Pros and Cons: Deciding Whether to Attend a State School as an Out-of-State Student

University of Wisconsin campus sculpture of Abraham Lincoln statue.

University of Wisconsin campus. Source: Flickr user ssshupe

Many students want to go college far away from home. At first thought, many students think attending a state school will be cheaper. However, attending a state school as an out-of-state student is often much more expensive.

There are pros and cons of attending a state school as an out-of-state student. Before making the decision to attend a state school in another state, weigh your options carefully.


Some of the pros of attending an out-of-state school include:

1. Independence

University of Vermont building from afar during autumn.

University of Vermont. Photograph via UVM on Facebook.

Staying close to home allows students to depend on their friends and family for everything. Moving away forces the student out of their comfort zone and teaches them independence.

If you’re moving out of state, chances are pretty good that you’re putting at least some distance between you and home.

2. New friends

Attending a state school close to home promises you’ll see many familiar faces. These familiar faces (probably people from your high school) may make it easy to feel comfortable, but it may also lead to you not branching out to meet others. Attending a state school far from home means you will not know many people or any people at all. This will force you to branch out and make new friends.

3. Different weather

Depending on where you choose to attend college, going away from home might mean different weather, and sometimes, better weather. For example, if you’re from a colder climate and choose to attend college in California or Florida, you’re bound to have a much sunnier academic year.

4. More career opportunities

If you’re from a rural area, attending a college in an urban area could have more career opportunities. In addition, some industries are only located in certain areas of the country. Attending a college in one of those areas might open more doors than studying where the industry is not located.

5. More academic opportunities

State schools are known to have a huge array of academic disciplines. This is especially important for students who are considering a hard-to-find major.

6. Diversity

State schools typically have a larger student population, which means they also might be more diverse in many senses of the word. For example, state schools are usually more diverse racially, ethnically, and socio-economically.

7. More student activities

With larger student populations come more student activities. State schools usually have hundreds of clubs and organizations, as well as well-known collegiate athletic teams.

8. More on-campus resources

While many private universities have the means to have many amenities on their campus, their population size does not always require them to have a lot of resources. Because of their size, many state schools have large libraries, gyms, and other extraordinary resources and amenities for students.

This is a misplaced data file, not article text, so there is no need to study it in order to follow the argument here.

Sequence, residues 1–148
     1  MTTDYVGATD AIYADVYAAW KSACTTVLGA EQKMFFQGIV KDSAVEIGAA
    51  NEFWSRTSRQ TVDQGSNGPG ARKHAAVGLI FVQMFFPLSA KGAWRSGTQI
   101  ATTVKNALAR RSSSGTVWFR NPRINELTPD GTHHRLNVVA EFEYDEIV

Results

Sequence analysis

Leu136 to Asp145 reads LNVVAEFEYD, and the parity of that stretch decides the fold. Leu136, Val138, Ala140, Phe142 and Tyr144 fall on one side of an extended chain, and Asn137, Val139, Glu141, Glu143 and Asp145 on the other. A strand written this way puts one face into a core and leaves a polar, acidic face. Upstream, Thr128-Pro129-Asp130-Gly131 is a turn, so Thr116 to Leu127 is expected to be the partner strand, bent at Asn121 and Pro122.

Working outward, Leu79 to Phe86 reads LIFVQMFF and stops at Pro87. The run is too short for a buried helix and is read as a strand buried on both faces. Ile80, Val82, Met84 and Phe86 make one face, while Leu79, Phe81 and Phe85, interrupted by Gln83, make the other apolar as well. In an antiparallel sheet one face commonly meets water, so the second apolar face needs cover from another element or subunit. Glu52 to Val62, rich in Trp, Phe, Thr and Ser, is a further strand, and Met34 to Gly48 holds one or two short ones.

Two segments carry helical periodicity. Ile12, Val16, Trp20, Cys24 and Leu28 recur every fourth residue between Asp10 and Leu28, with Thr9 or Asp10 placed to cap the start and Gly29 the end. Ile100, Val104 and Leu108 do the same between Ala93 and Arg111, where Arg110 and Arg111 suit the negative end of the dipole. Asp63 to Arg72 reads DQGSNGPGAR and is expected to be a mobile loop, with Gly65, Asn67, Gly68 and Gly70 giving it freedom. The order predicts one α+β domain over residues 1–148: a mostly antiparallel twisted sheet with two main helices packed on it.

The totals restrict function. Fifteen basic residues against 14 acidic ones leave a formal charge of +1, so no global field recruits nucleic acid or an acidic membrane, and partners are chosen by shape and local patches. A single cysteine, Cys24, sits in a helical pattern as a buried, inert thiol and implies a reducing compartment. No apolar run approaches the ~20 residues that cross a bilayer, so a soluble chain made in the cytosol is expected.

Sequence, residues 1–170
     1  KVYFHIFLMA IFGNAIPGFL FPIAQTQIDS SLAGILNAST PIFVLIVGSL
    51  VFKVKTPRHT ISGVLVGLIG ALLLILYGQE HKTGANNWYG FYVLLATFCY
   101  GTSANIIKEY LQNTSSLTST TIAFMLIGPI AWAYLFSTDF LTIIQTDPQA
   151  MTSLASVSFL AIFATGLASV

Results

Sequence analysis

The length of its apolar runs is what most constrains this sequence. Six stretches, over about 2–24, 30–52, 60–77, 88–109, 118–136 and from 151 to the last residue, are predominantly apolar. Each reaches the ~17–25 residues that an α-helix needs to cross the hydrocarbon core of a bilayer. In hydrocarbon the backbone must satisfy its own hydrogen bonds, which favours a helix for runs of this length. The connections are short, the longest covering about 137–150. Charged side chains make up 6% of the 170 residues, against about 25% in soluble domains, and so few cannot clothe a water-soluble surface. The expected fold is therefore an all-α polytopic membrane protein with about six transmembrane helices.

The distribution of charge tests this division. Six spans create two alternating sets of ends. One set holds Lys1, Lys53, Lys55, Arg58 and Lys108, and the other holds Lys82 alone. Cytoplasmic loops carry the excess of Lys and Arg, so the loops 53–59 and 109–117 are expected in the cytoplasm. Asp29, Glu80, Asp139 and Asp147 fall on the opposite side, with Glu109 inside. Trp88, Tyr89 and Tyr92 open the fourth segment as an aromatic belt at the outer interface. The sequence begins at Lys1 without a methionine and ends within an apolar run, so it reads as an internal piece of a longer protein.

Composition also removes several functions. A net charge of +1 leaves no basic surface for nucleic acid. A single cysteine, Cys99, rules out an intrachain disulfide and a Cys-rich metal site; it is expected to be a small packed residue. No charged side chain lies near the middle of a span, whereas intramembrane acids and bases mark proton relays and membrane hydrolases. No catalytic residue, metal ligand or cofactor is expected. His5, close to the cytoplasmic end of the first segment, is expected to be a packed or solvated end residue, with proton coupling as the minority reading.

There are wonderful pros of attending an out-of-state public institution. However, there are also cons to attending a state school out-of-state. Here are some of those cons:

1. No state grants or scholarships

Many states offer their eligible students scholarships or grants for staying in-state to attend college. When students attend a college in a different state, they cannot take advantage of the free money to help them pay for college.

2. Less financial aid

University of California, Berkeley campus building and tower.

University of California, Berkeley campus. Source: Flickr user brainchildvn

Some state schools will give merit scholarships to out-of-state students. However, the scholarships are not enough to cover the cost of attendance.

Other state schools, such as the University of California and the University of Wisconsin, do not provide any merit scholarships to out-of-state students. Many students who attend state schools at an institution in another state will have to pay much of the tuition bill themselves.

3. Sometimes harder to get in

Some state schools have more difficult academic requirements for out-of-state students. State institutions, as their names imply, were traditionally founded to help the students of their state. While many state schools have started to recruit out-of-state students, their ideal out-of-state student may be a high achieving student who can pay the full cost of attendance on their own.

4. Homesickness

Many students will experience homesickness when they are away at college, no matter how far away from home they are. However, students who are farther away at out-of-state schools may find it harder to get home. Going home to visit family and friends will require a lot more time and money compared to attending a school that is closer to home.

Deciding whether or not to attend

Some of the best colleges in the country are state schools. Before adding an out-of-state public institution to your college list, learn more about the college, and weigh the pros and cons just like you would for any other school.

In addition, make sure you investigate the cost of attendance for out-of-state students and inquire about any options that could lower the cost of attendance.

Just because you live in a different state should not stop you from considering state schools if they have everything you’re looking for in a college.

One thought on “Pros and Cons: Deciding Whether to Attend a State School as an Out-of-State Student”

  1. Will says:

    Awesome article. Answered the question I had regarding state grants in/out of state.

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